Monday, July 03, 2006

Household Gods by Judith Tarr and Harry Turtledove

Nicole Gunther-Perrin is a modern young professional, proud of her legal skills but weary of childcare, of senior law partners who put the moves on her, and of her deadbeat ex-husband. Following a ghastly day of dealing with all three, she falls into bed asleep...and awakens the next morning to find herself in a different life, that of a widowed tavernkeeper in the Roman frontier town of Carnuntum around 170 A.D.

Delighted at first to be away from corrupt, sexist modern America, she quickly begins to realize that her new world is a complicated as her old one. Violence, dirt, and pain are everywhere - and yet many of the people she comes to know are as happy as those she knew in twentieth-century Los Angeles. Slavery is commonplace, gladiators kill for sport, and drunkenness is taken for granted - but everyday people somehow manage to face life with humor and good will.

No quitter, Nicole manages to adapt to her new life despite endless worry about the fate of her children "back" in the twentieth century. Then plague sweeps through Carnuntum, followed by brutal war. Amid pain and loss on a level she had never imagined, Nicole finds strength she had never known.

Having never read either of these two authors before, I came to this book without any preconceptions about the characters, the story, or anything like that. I was attracted to reading a story about finding yourself in a different time and place, and given that I tend to read historical fiction based in England, Ancient Rome was certainly a fresh focus for me.

Firstly, what did I like about this book? Reading about the life of an ordinary Roman woman was very interesting, along with many very interesting little tit bits, like the fact that many of the Roman statues were actually painted in very gaudy (and not necessarily tasteful) colours. The description of the smells and sounds of a busy Roman town were very vivid, as were the descriptions of the hardships that Nicole faced as she lived her life in the body of Umma, tavern keeper.

So, if those were the things that I did like, what didn't I like? Well, unfortunately, I didn't really ever warm to Nicole. During the first part of the book when she was in Los Angeles, I wanted to slap her, and say "Look, you aren't the only single mum out there trying to deal with all these issues". Then, when she got to Carnumtum, I wanted to slap her even more, if that's possible. The 20th century Nicole was pretty uptight a lot of the time, and she took that to the nth degree in 2nd century life. Her father had been an alcoholic and so she had never had a drink in her life, so when her slave Julia presents her with a cup of wine she thinks nothing of pushing it away and drinking water, and making "her" two children, also drink it, meaning that they all got sick. She was constantly making reference to the lead in the water pipes, in the makeup, and hygiene conditions in the town. Now, if someone was to really end up at that point of time, I am sure that they would be appalled by the conditions in the same way as Nicole was, but it felt as though I was being hit over the head over cricket bat over and over and over again with all the mentions of those types of issues.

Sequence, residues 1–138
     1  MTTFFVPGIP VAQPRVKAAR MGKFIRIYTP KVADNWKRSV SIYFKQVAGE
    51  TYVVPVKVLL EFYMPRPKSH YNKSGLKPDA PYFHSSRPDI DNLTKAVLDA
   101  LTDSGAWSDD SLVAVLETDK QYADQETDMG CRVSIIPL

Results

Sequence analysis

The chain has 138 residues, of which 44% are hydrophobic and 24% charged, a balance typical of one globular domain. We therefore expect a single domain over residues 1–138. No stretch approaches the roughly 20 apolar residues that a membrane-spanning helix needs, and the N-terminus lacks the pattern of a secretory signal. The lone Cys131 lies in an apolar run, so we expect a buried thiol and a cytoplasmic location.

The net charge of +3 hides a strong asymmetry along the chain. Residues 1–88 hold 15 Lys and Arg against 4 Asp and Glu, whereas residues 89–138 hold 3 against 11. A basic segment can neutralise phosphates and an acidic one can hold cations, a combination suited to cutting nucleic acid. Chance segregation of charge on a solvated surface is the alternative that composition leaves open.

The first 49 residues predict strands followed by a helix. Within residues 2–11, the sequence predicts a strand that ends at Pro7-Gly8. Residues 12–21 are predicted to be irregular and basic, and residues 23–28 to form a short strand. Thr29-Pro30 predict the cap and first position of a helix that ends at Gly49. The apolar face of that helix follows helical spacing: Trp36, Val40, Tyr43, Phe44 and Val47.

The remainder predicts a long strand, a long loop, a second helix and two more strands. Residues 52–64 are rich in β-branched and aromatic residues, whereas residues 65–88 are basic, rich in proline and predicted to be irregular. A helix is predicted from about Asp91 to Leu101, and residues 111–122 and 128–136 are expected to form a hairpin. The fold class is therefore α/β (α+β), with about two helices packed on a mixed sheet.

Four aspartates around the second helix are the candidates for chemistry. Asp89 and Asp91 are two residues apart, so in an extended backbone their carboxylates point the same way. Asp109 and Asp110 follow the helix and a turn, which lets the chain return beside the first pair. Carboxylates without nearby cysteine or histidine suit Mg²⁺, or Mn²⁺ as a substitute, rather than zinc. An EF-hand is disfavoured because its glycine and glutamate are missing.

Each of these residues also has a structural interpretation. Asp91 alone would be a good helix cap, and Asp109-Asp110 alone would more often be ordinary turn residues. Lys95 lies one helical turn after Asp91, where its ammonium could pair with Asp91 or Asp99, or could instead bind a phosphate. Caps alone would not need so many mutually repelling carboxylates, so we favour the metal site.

It was interesting to watch as Nicole got to know all of the people that the previous Umma already knew, including her family, her slave Julia, her children and her boyfriend.

I guess for me the fact that I couldn't get to like Nicole all that much is a really big problem for this, so my rating reflects the fact that whilst I did like quite a lot about this book, there was one major flaw. Another less major flaw was that we found out what happened to Nicole's body while she was in the past, but there was never any mention at all about what happened to Umma whilst Nicole was being her. It would also have been interesting to watch Umma try to work out exactly what Nicole had done whilst she was Umma - like inexplicably being able to read Latin, and then when they were returned to their normal states, the fact that Umma once again wouldn't be able to read, and most particularly Umma's thoughts when she realised that Nicole had freed her slave.

One interesting thing, if you google for Carnumtum you can see images of the ruins of this actual Roman settlement which are located not too far from Vienna in Austria.

Rating 3/5


  1. I was hoping you would end up liking this book. Now, I wonder if Judith Tarr is always just average. I have a book by her in my tbr pile, might have to read her!

  2. I bought this book a couple years ago because I love, love, love books set in Ancient Rome. But I couldn't finish it because like you I hated the main character. She was just too annoying to take!

  3. I'm so glad that I'm not the only one who felt that way about Nicole!



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